Auburn is bringing Hugh Freeze back to the Southeastern Conference as head coach of the Tigers, more than five years after his resignation from SEC West rival Mississippi amid both personal and NCAA scandals.
Auburn athletic director John Cohen announced on Monday the hiring of Freeze, who spent the last four seasons as coach at Liberty.
“After a thoughtful, thorough and well-vetted search, we ended where we started, with Hugh Freeze,” Cohen said in a statement. “Of all the candidates we considered, Hugh was the best fit. Fit has several meanings, but the most important factors were student-athlete development, football strategy, recruiting and SEC experience.”
Cohen was hired Oct. 31, the same day Auburn fired coach Bryan Harsin after he went 9-12 in less than two seasons at a proud program that has fallen on hard times.
Freeze is officially 76-47 in 13 seasons as a head coach at Lambuth, Arkansas State, Mississippi and Liberty, but he comes with baggage that required extensive vetting by Auburn.
Auburn credits him with a 103-47 record on the field, but he had 27 wins at Ole Miss vacated for NCAA violations.
Freeze called Auburn “one of the preeminent programs in college football.” His daughter, Jordan, attended Auburn and lives in the area.
“I can’t wait to work with our student-athletes and the Auburn family to bring championships back to the Plains,” Freeze said in a statement.
The 53-year-old Oxford, Mississippi, native led the Rebels to a 39-25 record and four bowl games, and even beat Auburn’s big rival, Alabama, in back-to-back seasons.
He resigned in the summer of 2017 after school officials uncovered a “pattern of personal misconduct” starting with a call to a number used by an escort service from a university-issued cellphone.
That was after the NCAA had started an investigation into rules violations committed by the football program under Freeze.
The NCAA found 21 violations of academic, booster and recruiting misconduct, most of which happened under Freeze’s watch. The rule-breaking landed Ole Miss on probation, including a two-year postseason ban and recruiting restrictions.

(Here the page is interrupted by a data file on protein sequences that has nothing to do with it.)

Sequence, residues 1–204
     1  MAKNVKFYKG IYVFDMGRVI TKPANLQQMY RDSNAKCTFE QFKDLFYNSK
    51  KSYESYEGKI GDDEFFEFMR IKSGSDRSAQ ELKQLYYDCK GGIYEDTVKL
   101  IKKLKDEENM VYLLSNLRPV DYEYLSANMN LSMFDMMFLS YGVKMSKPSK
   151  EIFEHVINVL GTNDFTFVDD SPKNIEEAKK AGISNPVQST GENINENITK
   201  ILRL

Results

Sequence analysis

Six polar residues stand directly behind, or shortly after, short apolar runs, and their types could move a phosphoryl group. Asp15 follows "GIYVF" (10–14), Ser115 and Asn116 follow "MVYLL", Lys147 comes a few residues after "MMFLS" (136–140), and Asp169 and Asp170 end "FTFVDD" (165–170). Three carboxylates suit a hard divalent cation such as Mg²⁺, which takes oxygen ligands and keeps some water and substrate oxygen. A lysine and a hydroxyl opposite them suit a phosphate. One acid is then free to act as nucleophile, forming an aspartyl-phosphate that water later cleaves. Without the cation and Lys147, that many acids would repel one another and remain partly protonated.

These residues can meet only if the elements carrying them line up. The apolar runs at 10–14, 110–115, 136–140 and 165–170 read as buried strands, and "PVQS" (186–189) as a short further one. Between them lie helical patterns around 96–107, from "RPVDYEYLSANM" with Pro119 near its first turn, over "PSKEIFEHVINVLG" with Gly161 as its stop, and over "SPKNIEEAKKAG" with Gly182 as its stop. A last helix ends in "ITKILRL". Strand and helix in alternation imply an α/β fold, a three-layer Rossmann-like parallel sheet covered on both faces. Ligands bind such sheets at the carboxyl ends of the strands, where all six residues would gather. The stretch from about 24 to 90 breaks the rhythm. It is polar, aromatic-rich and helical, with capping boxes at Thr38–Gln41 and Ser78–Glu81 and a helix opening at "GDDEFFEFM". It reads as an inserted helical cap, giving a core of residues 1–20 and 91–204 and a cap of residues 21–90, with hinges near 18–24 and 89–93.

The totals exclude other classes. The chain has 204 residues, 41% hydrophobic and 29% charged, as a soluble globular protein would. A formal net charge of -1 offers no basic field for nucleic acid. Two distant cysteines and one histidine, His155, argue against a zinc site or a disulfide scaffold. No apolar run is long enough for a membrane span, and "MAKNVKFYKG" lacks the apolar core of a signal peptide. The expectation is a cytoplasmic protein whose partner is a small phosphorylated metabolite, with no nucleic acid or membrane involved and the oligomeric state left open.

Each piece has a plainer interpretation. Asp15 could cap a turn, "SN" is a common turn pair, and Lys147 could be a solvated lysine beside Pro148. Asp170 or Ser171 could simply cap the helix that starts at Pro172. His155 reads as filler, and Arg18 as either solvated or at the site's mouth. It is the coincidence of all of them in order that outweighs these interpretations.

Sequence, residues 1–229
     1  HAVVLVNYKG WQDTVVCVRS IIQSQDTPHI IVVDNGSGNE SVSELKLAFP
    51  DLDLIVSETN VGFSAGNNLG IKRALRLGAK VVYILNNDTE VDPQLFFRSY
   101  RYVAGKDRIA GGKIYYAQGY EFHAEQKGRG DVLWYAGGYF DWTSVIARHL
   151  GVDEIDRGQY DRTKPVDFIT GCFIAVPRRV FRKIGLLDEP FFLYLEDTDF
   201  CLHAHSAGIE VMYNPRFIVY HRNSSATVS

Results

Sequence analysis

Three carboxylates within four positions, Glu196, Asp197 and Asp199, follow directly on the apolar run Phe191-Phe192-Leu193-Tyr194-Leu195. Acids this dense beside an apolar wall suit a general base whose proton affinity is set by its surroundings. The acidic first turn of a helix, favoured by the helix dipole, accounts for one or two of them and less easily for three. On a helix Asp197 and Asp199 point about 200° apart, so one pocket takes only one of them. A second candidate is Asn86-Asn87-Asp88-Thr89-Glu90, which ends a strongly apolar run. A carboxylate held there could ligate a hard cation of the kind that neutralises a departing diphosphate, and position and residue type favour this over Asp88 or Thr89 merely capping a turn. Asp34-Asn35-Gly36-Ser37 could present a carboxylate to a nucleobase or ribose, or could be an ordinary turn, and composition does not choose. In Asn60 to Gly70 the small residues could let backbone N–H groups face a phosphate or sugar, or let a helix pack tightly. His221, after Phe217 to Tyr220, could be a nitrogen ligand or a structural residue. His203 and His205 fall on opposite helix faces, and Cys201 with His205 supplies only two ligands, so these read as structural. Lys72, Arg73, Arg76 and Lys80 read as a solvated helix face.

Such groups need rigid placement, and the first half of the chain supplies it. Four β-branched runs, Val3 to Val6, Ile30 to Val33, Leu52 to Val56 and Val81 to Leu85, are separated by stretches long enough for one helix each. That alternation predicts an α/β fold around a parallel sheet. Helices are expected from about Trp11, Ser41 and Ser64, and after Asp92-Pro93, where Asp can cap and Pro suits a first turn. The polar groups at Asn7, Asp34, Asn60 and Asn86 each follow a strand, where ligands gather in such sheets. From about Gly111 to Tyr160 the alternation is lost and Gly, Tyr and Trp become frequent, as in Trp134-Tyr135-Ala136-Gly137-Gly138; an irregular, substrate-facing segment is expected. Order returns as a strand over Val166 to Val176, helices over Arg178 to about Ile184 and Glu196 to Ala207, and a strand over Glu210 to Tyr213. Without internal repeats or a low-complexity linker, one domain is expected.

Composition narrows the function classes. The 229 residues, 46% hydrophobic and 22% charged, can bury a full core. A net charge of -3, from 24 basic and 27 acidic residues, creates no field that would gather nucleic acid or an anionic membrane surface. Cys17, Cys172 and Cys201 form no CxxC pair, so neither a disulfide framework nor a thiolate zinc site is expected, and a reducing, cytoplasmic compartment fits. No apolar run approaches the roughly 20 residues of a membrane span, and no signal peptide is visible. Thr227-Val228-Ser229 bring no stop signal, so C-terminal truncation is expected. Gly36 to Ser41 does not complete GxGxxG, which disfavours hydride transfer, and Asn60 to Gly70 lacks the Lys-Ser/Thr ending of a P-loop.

The NCAA’s ruling said Freeze promoted an atmosphere of rules compliance but failed to monitor his staff. Freeze received what would have been a light penalty: a suspension for two conference games if he had coached in 2018.
Instead, the personal misconduct matter was uncovered and he was forced to resign in July 2017.
He was out of college coaching for two years before landing in 2019 at Liberty, where he has gone 34-15, including 8-4 this year. The Flames ended the season with three straight losses, including a 49-14 blowout against New Mexico State.
Freeze acknowledged his interest in the Auburn job after that game Saturday.
The process of Auburn hiring Freeze was slowed over the weekend after a former Liberty student who had an interaction with the coach through social media over the summer emailed Auburn officials about the direct message he sent her.
The AP received a copy of the letter the woman sent to Cohen, the athletic director, and President Chris Roberts on Saturday urging the school not to hire Freeze.
The woman was plaintiff in a lawsuit against Liberty. She alleged she was sexually assaulted at the school and a settlement was reached in the case.
“I’d like to remind the Auburn administration that Liberty University is currently under federal investigation by the Department of Education for sexual assault coverups,” she wrote in the email.
“I have spoken with those running the investigation many times. As a victimized alumna, who has been messaged by Hugh Freeze, I am concerned for the alumni community at Auburn, the current students who will engage with the football program, and the ethos of Auburn if this consideration is true.”
Her sexual assault case and the DOE investigations predated Freeze’s time at Liberty.
Freeze sent a brief direct message to the woman in July, defending Liberty athletic director Ian McCaw, whom the woman had posted negative comments about.
Auburn looked into the matter and found that Freeze was unaware of the lawsuit.
On the field, Freeze has track record of producing winning teams and exciting offenses.
He helped turn onetime Auburn backup Malik Willis into a star quarterback at Liberty. Willis was a third-round draft pick for the Tennessee Titans in April.
Auburn quarterback Robby Ashford posted a message to Freeze on Twitter: “Welcome to the Plains, let’s get to work we’ve got unfinished business to handle.”
Freeze returns to the SEC West to try to revive an Auburn program that has had plenty of success, but also struggled to maintain it over the last two decades.
Auburn won a national title in 2010 under Gene Chizik and played for another three years later in Gus Malzahn’s first season. But the Tigers haven’t made the SEC championship game since 2017 and haven’t won a league title since 2013.
Running backs coach Carnell Williams, a former Auburn All-American and NFL first-round pick, served as interim coach for the final four games of this season. Auburn went 2-2 and lost 49-27 in the regular season finale to Alabama to finish 5-7.
Freeze said Williams did an “incredible job” as interim coach. “The impact he made is immeasurable and cannot be overstated,” Freeze said.
AP Sports Writers John Zenor and Hank Kurz Jr. contributed to this report.
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